Congressional Action Needed to Ensure Agencies Collaborate to Develop a Joint Solution
GAO-09-133: Published: Dec 12, 2008. Publicly Released: Dec 12, 2008.
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The Integrated Wireless Network (IWN) was intended to be a collaborative effort among the Departments of Justice (DOJ), Homeland Security (DHS), and the Treasury to provide secure, seamless, interoperable, and reliable nationwide wireless communications in support of federal agents and officers engaged in law enforcement, protective services, homeland defense, and disaster response missions. GAO was asked to determine the extent to which the three departments are developing a joint radio communications solution. To address this objective, GAO reviewed and analyzed relevant documentation and interviewed department officials about the extent to which they are collaborating with the other departments on IWN or an alternative joint radio communications solution.
The Departments of Justice, Homeland Security, and the Treasury had originally intended IWN to be a joint radio communications solution to improve communication among law enforcement agencies; however, IWN is no longer being pursued as a joint development project. Instead of focusing on a joint solution, the departments have begun independently modernizing their own wireless communications systems. While the Departments of Justice and the Treasury (and later the Department of Homeland Security) collaborated on a pilot demonstration of IWN in the Seattle/Blaine area that continues to provide service to multiple agencies, the departments have determined that this specific system design cannot be implemented on a nationwide scale, and they have not acted collaboratively to identify an alternative approach for a jointly coordinated communications solution. In addition, the formal governance structure that was established among the three departments has been disbanded, and the contract for developing a new IWN design, awarded over a year and a half ago, is not being used jointly by the departments for this purpose. Currently, the Department of Justice is planning to implement a nationwide network for its component agencies, and the Department of Homeland Security and its components are pursuing numerous independent solutions. A primary reason why the collaboration on a joint communications solution has not been successful is that the departments did not effectively employ key cross-agency collaboration practices. Specifically, they could not agree on a common outcome or purpose to overcome their differences in missions, cultures, and established ways of doing business; they have not established a collaborative governance structure with a process for decision making and resolving disputes; and they have not developed a joint strategy for moving forward. While the Department of Homeland Security considers improving radio communications at the nation's borders to be a major priority, the Department of Justice's priorities are in other areas. Program officials from both departments acknowledged that these differing priorities led to an inability to resolve conflicts. As a result, they now have several initiatives aimed at high-level coordination, none of which are focused on developing a joint communications solution. While department officials have signed an updated memorandum of understanding related to coordinating their radio communications projects, they have not made any progress on reestablishing a joint governance structure and decision-making procedures to address the challenges of collaborating on a joint communications solution. In abandoning collaboration on a joint solution, the departments risk duplication of effort and inefficient use of resources as they continue to invest significant resources in independent solutions. Further, these efforts will not ensure the interoperability needed to serve day-to-day law enforcement operations or a coordinated response to terrorist or other events.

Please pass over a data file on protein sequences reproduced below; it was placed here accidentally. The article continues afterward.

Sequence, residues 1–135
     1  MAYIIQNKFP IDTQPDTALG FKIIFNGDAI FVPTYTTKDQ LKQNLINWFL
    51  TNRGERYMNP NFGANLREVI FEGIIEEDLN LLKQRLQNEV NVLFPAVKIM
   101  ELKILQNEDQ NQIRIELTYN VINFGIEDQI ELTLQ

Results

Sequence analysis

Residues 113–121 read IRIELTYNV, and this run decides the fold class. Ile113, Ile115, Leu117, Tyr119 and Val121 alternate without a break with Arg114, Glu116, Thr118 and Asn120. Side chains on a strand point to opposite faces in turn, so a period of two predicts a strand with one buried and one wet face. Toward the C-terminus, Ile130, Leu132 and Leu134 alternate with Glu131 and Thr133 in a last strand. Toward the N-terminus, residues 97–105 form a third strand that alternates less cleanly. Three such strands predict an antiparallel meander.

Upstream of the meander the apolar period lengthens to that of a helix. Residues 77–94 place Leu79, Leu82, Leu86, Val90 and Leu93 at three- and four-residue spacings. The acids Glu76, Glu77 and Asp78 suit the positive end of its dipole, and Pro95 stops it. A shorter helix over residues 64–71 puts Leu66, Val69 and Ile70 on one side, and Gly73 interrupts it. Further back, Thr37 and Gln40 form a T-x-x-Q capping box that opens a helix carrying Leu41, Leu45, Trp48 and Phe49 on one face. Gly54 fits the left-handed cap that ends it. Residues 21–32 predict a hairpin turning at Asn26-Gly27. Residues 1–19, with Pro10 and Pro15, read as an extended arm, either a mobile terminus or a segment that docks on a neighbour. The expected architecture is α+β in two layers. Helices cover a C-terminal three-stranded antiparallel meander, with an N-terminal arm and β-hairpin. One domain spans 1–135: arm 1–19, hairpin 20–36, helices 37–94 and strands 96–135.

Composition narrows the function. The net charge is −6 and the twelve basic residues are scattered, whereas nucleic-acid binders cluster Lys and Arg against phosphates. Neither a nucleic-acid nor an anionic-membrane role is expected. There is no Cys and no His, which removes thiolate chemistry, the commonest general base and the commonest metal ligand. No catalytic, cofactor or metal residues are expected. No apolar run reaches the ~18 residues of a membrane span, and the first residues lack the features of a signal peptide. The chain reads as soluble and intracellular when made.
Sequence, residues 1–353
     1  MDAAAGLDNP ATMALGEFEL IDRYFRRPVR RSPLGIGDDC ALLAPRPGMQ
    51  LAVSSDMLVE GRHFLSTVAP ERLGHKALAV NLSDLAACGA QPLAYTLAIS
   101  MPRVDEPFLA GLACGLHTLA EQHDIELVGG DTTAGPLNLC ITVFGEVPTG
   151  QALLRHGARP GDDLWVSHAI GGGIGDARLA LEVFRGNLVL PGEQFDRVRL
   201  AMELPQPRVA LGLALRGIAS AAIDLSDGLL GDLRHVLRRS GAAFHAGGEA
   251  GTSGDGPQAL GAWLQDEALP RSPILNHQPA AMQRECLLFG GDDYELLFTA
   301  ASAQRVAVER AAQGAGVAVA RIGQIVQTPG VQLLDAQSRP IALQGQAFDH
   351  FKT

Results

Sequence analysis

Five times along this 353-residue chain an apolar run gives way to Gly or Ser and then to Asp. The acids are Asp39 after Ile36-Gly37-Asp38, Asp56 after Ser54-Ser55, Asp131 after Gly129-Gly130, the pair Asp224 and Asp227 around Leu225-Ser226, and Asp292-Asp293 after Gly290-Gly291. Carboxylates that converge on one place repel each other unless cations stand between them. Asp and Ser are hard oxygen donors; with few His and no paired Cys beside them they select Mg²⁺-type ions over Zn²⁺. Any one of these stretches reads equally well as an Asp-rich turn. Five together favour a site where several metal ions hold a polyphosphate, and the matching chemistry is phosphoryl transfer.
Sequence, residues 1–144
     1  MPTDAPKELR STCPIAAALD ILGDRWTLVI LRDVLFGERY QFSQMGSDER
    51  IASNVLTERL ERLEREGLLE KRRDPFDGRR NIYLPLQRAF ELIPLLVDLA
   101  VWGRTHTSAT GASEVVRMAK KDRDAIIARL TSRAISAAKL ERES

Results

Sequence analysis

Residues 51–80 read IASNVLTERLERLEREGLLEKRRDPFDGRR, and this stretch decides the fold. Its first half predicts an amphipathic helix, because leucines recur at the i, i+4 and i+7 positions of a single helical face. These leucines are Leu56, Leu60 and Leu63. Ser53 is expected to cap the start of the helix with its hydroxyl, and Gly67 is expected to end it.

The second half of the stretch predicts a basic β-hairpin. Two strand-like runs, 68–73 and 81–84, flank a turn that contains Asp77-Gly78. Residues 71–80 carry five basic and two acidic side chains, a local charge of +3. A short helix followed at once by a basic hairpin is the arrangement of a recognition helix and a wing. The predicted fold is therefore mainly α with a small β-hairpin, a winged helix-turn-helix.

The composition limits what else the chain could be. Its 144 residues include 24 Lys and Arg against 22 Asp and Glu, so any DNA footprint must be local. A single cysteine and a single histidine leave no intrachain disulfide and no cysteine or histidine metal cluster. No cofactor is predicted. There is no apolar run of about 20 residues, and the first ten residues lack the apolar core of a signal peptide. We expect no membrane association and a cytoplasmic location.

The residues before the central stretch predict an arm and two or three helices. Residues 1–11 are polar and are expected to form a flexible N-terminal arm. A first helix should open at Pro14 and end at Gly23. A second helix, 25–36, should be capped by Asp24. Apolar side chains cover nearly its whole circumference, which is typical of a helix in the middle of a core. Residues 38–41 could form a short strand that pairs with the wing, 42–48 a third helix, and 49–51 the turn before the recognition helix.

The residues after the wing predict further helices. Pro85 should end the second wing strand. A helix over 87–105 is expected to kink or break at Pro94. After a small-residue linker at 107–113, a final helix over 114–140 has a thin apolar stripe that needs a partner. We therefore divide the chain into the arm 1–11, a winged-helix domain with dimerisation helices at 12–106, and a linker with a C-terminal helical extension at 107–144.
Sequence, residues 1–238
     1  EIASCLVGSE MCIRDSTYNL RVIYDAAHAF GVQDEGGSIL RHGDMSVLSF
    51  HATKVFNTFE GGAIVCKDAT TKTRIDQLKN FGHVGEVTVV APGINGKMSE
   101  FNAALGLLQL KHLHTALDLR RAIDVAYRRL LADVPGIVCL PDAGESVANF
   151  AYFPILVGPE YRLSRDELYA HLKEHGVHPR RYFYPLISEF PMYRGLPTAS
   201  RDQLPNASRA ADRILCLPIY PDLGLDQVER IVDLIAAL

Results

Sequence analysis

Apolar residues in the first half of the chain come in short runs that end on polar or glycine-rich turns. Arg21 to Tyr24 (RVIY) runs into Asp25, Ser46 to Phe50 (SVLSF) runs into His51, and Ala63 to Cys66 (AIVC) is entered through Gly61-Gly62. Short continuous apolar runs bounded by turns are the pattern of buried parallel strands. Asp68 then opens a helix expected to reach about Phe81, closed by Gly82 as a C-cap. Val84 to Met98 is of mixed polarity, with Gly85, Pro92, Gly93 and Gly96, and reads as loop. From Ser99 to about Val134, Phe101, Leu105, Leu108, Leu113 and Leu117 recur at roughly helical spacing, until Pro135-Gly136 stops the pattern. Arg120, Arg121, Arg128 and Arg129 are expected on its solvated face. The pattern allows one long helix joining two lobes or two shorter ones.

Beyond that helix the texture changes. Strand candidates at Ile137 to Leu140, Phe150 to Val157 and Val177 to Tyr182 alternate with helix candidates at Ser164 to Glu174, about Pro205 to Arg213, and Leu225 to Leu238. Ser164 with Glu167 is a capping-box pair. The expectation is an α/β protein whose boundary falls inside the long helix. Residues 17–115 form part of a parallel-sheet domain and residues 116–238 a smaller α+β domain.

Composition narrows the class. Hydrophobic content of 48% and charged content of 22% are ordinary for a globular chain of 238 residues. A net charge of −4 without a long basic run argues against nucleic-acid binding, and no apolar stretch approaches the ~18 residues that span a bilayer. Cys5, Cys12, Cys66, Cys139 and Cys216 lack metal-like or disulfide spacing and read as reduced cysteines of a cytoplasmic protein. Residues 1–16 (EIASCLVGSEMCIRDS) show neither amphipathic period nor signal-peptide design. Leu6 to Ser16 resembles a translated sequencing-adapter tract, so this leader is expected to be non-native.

Matters for Congressional Consideration
Comments: Legislation has been enacted to provide funding for, among other things, the development of a nationwide, interoperable broadband network that is aimed at improving interoperable radio communications among public safety officials. However, the use of the broadband network by public safety users will be voluntary. In addition, officials from the Departments of Justice, Homeland Security, and the Treasury stated that, once mission-critical voice capabilities have been developed for the broadband network, their respective departments will determine whether they will use the network to support their mission-critical operations. Therefore, until the three departments have the information they need to make a decision to use the nationwide public safety broadband network to support mission critical voice capabilities, it is uncertain if the legislation will remedy these agencies' fragmented approaches to improving interoperable radio communications. As of March 2020, there has been no legislative action taken in the current Congress.
Matter: Congress may wish to consider requiring the Departments of Justice, Homeland Security, and Treasury to collaborate on the development and implementation of a joint radio communications solution. Specifically, Congress may wish to consider requiring the departments to (1) establish an effective governance structure that includes a formal process for making decisions and resolving disputes, (2) define and articulate a common outcome for this joint effort, and (3) develop a joint strategy for improving radio communications.
Status: Closed - Not Implemented
Comments: Congress did not specify deadlines for the Departments of Justice, Homeland Security, and Treasury to implement a joint radio communications solution.
Matter: Congress may wish to also consider specifying deadlines for completing each of these requirements.